Balisongs 1, 2 and 3 are still available. The balifork is now sold.
I’ve been waiting to list these bloodwood balisongs for a few weeks now. They needed cleaning up and refinishing to really bring out the beauty of the wood, but I am very happy with the results. I hope you will be too! All four of these items were made by the best makers in Batangas. The fit and finish of these knives and the fork is far above what you might find for less money other places. They cost a lot more to produce, but they truly represent the sheer skill of Philippines balisong makers.
From top to bottom:
1. 34 cm FHM balisong with a high carbon spring steel (5000-series) kris blade with ‘shark fins.’ All of our carbon steel blades are ground down from hand forged leaf springs. Spring steel is tough and takes a great edge. It is also a breeze to sharpen.
The tang on this knife almost looks like devil’s horns when the knife is open. This design feature was originally due to one of the craftsmen overgrinding one of the rounded wings on a knife I sold earlier this year.
This kris features two extra thick tang pins and double pinned stainless bolsters (the top bolsters only). The liners and latch are also 300-series stainless steel, which is highly corrosion resistant. The wood used on the handles is known as bloodwood. It is native to South America and has a beautiful red color. This particular batch has great chatoyancy (it changes color as you move it in the light). I hand finished this wood to 2000 grit, which is the highest grit I’ve ever taken the wood on my balisongs up to. I spent over two hours on the wood alone before I polished up the blade and stainless on this knife. A truly unique piece. The latch (see the last two pics) was nicely fileworked by the maker. Please note there is a tiny forging mark on the tang. 7.5 oz. Discounted at $170.
2. This 33 cm balisong also features beautiful bloodwood inserts that I painstakingly hand sanded up to 2000 grit. The blade is carbon spring steel with a bayonet grind. Double pinned stainless bolsters and two extra thick tang pins. The liners and beautifully fileworked latch are also 300 series stainless. Beautiful knife! Please note there is some minor spotting on the blade. This could be cleaned up by carefully polishing it out. 6 oz. Discounted at $160.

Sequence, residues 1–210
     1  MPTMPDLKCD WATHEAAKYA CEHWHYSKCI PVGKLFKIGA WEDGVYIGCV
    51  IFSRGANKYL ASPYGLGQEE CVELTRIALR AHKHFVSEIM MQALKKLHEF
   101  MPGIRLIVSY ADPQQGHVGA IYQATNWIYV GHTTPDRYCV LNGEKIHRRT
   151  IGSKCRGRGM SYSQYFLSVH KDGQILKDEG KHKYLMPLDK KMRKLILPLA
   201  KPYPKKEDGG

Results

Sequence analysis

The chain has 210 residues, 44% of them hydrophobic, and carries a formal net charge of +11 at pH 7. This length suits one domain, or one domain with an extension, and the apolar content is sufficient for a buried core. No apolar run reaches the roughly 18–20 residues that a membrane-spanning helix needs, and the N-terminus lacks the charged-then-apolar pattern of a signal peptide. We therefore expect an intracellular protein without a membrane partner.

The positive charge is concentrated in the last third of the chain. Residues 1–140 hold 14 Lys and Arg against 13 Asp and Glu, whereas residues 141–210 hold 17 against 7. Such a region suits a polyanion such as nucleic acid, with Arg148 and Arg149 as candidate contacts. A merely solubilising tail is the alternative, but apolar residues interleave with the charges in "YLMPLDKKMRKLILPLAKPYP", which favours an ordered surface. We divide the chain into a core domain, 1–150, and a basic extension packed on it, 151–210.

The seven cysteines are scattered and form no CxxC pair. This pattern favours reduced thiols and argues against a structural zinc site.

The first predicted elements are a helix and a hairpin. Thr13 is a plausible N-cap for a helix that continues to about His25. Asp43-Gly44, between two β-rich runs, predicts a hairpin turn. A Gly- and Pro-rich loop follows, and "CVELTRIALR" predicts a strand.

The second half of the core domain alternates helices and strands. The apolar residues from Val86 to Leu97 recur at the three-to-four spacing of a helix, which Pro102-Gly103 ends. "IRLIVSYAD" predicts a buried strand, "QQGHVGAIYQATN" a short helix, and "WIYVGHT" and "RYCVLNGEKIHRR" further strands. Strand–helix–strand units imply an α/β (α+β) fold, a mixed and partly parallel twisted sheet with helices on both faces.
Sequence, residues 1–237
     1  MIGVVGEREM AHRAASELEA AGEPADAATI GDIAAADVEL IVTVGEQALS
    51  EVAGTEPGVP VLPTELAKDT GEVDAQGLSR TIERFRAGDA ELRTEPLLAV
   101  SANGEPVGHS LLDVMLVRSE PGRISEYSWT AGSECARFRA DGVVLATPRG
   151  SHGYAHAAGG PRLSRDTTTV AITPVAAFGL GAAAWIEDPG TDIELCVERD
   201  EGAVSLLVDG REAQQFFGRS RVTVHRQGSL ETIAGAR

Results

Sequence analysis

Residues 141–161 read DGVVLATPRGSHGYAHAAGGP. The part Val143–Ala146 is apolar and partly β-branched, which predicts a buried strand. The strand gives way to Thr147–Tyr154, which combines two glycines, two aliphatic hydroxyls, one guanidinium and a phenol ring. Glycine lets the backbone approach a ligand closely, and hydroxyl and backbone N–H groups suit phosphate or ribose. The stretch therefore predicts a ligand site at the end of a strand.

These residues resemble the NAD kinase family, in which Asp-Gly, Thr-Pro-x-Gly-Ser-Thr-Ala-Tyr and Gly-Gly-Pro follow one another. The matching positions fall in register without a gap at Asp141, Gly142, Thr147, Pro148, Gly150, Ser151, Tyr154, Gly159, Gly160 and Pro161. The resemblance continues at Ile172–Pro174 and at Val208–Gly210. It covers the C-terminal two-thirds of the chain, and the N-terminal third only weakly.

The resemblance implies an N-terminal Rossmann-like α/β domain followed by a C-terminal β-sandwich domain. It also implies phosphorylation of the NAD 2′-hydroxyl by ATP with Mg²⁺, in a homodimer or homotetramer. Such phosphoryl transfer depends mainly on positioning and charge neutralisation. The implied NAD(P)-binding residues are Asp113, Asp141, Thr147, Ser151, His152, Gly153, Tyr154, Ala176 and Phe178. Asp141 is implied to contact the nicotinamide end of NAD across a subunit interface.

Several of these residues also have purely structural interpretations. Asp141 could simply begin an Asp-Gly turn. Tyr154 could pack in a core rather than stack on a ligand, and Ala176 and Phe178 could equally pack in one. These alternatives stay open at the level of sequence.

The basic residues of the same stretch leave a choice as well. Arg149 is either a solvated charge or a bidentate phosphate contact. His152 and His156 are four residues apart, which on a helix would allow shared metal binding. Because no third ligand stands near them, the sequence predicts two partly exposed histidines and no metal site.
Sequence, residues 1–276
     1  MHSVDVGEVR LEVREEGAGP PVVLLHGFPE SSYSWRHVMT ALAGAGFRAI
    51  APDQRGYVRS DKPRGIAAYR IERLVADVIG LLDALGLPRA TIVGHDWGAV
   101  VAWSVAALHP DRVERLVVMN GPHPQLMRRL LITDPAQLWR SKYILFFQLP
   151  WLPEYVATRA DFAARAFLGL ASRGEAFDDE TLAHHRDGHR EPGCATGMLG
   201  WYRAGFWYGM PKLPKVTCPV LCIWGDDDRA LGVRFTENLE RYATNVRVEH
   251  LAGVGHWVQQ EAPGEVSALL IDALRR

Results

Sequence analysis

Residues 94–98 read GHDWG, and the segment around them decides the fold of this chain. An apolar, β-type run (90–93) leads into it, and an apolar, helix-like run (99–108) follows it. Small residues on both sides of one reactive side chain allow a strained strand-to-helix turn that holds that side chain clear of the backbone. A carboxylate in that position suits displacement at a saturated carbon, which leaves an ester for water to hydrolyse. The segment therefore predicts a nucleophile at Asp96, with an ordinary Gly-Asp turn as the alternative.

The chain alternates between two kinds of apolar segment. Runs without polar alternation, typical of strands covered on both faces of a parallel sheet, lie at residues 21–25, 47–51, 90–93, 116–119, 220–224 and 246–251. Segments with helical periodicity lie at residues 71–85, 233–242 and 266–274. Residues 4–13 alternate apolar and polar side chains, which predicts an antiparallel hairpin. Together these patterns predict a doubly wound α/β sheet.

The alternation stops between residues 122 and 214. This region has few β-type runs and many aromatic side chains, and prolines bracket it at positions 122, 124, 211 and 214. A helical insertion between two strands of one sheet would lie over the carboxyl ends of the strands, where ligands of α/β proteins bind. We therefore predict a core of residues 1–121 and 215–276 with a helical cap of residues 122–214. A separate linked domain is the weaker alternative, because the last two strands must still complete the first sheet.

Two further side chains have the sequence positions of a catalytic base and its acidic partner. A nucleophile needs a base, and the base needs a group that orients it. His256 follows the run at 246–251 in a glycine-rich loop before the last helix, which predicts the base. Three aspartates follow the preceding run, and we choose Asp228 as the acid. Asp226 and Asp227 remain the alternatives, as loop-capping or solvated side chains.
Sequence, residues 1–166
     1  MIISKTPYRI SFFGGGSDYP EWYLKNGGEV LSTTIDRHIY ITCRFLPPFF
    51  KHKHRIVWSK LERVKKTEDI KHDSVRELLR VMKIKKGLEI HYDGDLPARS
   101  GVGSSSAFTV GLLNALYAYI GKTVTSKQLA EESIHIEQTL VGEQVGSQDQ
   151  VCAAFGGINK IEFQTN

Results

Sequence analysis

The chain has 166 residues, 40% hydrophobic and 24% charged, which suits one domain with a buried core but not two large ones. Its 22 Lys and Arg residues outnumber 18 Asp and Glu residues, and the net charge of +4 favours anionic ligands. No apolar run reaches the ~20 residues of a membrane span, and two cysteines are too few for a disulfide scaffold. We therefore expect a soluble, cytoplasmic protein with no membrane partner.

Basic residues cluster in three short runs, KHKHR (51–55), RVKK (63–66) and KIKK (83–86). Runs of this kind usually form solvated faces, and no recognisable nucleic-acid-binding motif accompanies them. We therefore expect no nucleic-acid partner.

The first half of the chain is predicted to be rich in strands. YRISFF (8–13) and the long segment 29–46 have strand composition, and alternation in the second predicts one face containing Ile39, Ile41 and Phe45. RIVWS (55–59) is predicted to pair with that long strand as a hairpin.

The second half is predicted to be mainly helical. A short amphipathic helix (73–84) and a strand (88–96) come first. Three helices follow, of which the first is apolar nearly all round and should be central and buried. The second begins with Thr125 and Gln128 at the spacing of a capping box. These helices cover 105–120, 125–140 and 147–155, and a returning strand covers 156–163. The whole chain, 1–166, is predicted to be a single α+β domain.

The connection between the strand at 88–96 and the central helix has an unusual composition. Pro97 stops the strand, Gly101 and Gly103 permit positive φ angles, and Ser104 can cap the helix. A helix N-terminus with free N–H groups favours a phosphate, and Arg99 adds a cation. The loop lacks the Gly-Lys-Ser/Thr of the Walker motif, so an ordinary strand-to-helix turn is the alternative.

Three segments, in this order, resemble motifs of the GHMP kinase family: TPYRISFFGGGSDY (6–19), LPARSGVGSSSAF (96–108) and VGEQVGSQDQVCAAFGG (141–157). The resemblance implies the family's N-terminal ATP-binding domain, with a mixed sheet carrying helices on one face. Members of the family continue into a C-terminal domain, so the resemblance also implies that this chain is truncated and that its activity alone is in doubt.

3. This beautiful little balisong measures in at 23.5 cm overall. It has a nicely ground buyod blade without a swedge. This is what I call the modern version of the classic fighting pattern. This balisong also features a bottle opener on the spine. This is the first buyod I have ever seen with a bottle opener on it—I believe it may be the first ever made, since bottle openers are usually reserved for the ‘rambo’ grinds.
The wood on this knife is beautifully figured, deep red Central American cocobolo. This is exceptionally nice cocobolo that I paid a premium for. I think you’ll agree that this is a truly outstanding piece. I hand finished the cocobolo all the way up to 2000 grit. The stainless bolsters are double pinned, and the blade features two extra thick tang pins for positive lockup in both the open and closed positions. The latch and liners are also made from stainless steel. The latch on this particular knife is a thicker than normal custom-grade latch which was fileworked by the maker. 5 oz. $145.
4. This little balifork measures in at just 18 cm. It has stainless bolsters, liners and a stainless latch. This is a classic piece with single pinned bolsters and one tang pin. The fork is 300-series stainless (surgical grade steel) that would absolutely be usable for dining with. The wood is jigged Philippines ebony (kamagong) that I took all the way up to 2000 grit entirely by hand. Just 4 oz. SOLD.
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